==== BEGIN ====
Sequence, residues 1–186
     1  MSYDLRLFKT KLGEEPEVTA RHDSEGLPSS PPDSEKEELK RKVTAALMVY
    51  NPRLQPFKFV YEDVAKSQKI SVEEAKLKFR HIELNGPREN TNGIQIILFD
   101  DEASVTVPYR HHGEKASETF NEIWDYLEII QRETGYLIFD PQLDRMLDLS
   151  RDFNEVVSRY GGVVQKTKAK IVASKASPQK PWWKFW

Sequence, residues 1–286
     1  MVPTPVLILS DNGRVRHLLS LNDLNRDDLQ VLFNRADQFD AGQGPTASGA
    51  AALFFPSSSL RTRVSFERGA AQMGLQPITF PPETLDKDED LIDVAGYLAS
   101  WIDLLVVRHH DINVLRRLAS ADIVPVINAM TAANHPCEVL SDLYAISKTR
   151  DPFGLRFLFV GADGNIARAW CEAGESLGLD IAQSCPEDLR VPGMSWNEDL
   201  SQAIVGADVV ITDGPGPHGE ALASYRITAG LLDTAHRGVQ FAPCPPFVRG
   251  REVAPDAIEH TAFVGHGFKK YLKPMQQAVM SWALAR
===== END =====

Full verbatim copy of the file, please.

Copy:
Sequence, residues 1–186
     1  MSYDLRLFKT KLGEEPEVTA RHDSEGLPSS PPDSEKEELK RKVTAALMVY
    51  NPRLQPFKFV YEDVAKSQKI SVEEAKLKFR HIELNGPREN TNGIQIILFD
   101  DEASVTVPYR HHGEKASETF NEIWDYLEII QRETGYLIFD PQLDRMLDLS
   151  RDFNEVVSRY GGVVQKTKAK IVASKASPQK PWWKFW

Sequence, residues 1–286
     1  MVPTPVLILS DNGRVRHLLS LNDLNRDDLQ VLFNRADQFD AGQGPTASGA
    51  AALFFPSSSL RTRVSFERGA AQMGLQPITF PPETLDKDED LIDVAGYLAS
   101  WIDLLVVRHH DINVLRRLAS ADIVPVINAM TAANHPCEVL SDLYAISKTR
   151  DPFGLRFLFV GADGNIARAW CEAGESLGLD IAQSCPEDLR VPGMSWNEDL
   201  SQAIVGADVV ITDGPGPHGE ALASYRITAG LLDTAHRGVQ FAPCPPFVRG
   251  REVAPDAIEH TAFVGHGFKK YLKPMQQAVM SWALAR